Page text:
Ruby Louise Rose


Transgender woman artist living and working in Helsinki

Selected Works
Museum of Unrealised Proposals

ruby at rubylouiserose dot com

Museum of Unrealised Proposals


hardcore_dysphoria, 2022

After finally accepting that I am a transgender person after years of struggling with my mental health, it became important to me to find art, literature and music that I could identify with. Unable to see myself in more mainstream depictions of queer and trans culture, I was drawn to non-binary and transgender artists working on the fringes of black metal, punk and hardcore dance, such as Liturgy’s Ravenna Hunt-Hendrix, Genital Shame’s Erin Dawson, G.L.O.S.S. (Girls Living Outside Society’s Shit) and Kilbourne.

Inspired by their examples, I began looking for a way to explore my own gender identity through sound work that combined my interests in computer music, algorithmic composition, the transformation of the human voice, harsh noise, grindcore and losing myself on the dancefloor.

My love for the ‘faster, louder, harder’ end of extreme music led me to extratone, touted on Bandcamp as ‘the world’s fastest music genre.’ Extratone is a form of electronic music that operates at tempos of over 1,000 beats per minute, occasionally reaching the absurd heights of 10,000 BPM. Often dismissed as a joke, extratone is anything but; it has a story, history and lineage in what the writer Simon Reynolds calls the hardcore continuum. It has a community, a DIY punk-like ethos and a singular aesthetic that sets it apart from other genres.

But what really drew me to extratone was the fact that something so extreme—often rightly pigeonholed as hypermasculine and aggressive—was still thought of as, essentially, dance music, and dance music has deep roots in queer and trans culture. Here was a space where I could combine all of my interests and explore the tension between sonic intensity and fragile intimacy. By queering the sonic traditions and musical form of extratone, my sound work could become an exploration of gender identity and a kind of joyful introspection performed at a bewildering tempo and volume.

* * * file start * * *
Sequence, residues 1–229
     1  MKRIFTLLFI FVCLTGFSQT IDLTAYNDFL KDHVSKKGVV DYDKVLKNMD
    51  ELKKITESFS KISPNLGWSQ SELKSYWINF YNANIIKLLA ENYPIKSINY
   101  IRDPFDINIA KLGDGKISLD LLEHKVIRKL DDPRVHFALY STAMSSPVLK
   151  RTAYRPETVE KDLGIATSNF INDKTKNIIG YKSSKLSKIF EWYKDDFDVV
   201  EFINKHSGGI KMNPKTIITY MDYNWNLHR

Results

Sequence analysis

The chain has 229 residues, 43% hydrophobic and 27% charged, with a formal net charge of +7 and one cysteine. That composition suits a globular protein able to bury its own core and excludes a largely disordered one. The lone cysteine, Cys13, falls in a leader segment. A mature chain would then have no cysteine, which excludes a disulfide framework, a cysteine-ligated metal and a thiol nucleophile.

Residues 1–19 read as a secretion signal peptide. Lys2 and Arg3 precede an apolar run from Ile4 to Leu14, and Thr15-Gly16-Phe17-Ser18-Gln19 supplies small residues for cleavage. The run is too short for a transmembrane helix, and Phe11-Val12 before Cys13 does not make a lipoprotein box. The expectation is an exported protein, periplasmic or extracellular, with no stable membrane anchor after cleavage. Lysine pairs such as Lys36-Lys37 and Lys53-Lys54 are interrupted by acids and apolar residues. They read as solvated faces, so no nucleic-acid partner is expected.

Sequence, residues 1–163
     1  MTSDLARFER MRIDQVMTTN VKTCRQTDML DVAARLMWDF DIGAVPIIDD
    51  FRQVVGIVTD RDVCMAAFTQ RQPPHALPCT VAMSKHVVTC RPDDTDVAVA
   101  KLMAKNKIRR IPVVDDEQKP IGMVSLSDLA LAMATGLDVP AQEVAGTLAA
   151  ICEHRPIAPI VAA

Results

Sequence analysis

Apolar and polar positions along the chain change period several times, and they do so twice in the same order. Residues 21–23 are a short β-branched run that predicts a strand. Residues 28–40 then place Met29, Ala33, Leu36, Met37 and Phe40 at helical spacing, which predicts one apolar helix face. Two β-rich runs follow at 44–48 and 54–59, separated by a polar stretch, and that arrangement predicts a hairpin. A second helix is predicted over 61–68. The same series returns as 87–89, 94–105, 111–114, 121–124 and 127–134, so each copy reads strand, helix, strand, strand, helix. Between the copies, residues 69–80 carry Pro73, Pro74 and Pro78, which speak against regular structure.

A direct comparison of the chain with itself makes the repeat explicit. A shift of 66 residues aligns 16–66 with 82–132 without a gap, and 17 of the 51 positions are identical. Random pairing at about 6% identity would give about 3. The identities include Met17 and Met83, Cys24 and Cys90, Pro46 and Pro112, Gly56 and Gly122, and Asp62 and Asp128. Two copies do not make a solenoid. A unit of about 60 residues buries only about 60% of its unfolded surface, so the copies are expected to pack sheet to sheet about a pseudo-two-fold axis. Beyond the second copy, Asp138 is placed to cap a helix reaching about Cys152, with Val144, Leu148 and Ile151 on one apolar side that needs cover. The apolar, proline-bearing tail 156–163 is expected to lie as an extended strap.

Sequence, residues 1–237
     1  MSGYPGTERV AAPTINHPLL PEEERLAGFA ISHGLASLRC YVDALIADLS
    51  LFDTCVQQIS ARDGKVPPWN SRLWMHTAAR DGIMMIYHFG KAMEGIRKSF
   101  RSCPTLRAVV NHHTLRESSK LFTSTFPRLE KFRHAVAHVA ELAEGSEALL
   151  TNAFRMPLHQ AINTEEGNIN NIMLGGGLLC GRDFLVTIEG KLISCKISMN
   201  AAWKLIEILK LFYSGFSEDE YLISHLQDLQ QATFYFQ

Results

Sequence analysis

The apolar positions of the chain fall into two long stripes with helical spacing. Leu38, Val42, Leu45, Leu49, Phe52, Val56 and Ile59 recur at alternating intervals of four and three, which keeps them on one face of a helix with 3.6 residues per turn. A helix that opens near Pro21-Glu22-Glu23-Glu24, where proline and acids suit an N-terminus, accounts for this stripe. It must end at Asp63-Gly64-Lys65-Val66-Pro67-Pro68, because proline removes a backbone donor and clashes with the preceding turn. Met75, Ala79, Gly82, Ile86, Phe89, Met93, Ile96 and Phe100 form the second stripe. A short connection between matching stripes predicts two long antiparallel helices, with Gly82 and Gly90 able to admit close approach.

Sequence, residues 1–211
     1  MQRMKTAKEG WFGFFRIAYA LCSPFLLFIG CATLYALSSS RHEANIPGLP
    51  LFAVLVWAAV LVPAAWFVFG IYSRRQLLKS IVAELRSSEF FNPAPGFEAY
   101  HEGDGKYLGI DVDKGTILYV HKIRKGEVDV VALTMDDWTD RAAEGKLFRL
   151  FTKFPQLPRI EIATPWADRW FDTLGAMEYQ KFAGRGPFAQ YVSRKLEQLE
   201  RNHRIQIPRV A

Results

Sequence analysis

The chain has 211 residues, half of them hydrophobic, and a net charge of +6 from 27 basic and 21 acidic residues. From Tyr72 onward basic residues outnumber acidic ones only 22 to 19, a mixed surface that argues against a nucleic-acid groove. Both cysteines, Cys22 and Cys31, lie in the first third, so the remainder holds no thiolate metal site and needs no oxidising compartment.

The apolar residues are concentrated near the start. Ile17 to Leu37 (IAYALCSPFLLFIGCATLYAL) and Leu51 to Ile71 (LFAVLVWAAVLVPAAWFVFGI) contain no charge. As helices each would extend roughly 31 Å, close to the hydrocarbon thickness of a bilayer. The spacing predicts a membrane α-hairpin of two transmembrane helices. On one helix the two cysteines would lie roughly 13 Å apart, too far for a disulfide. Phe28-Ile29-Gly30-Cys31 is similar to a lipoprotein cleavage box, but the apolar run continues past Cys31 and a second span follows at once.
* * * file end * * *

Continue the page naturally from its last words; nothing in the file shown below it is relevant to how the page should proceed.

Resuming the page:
I began by experimenting with algorithmically generated “extratone_studies” (2020): brief bursts of hyper-speed, distorted, ‘gabber-style’ kick drums created in the visual programming language Pure Data. More studies followed (“sucker_variations” (2020) and “hardcore_dysphoria” (2021)), adding ‘hoover-style’ synths and vocal samples into the mix, but it wasn’t until I began adding my own pitch-shifted and transformed vocals (“vocal_feminisation_techniques” (2021) and “mtf_vocal_exercise_05” (2022)) that the music began to approach the combination of sonic intensity and fragile intimacy I was looking for.

It is extremely important to me that I get my work out there and for it to ‘be seen.’ I hope that something that feels so far outside of mainstream queer and trans culture can help others struggling with their gender identity and mental health, in much the same way that the work of Liturgy, Genital Shame, G.L.O.S.S. and Kilbourne helped me.


What remains, 2020

As an artist, I have long been interested in the idea of sound as a ghostly presence, a haunting, a fading/faded memory…

Nine years ago I watched the dancer Joe Moran perform “At Once” by the choreographer Deborah Hay at Toynbee Studios, London. While watching the performance, I suddenly became aware of the squeaking of Joe’s shoes as he moved across the stage. I began to ask myself, ‘What would happen if I closed my eyes for the remainder of the performance and just listened? Would I still be able to follow Joe’s movements? If I choose to ignore the visual elements of a dance performance, what remains?’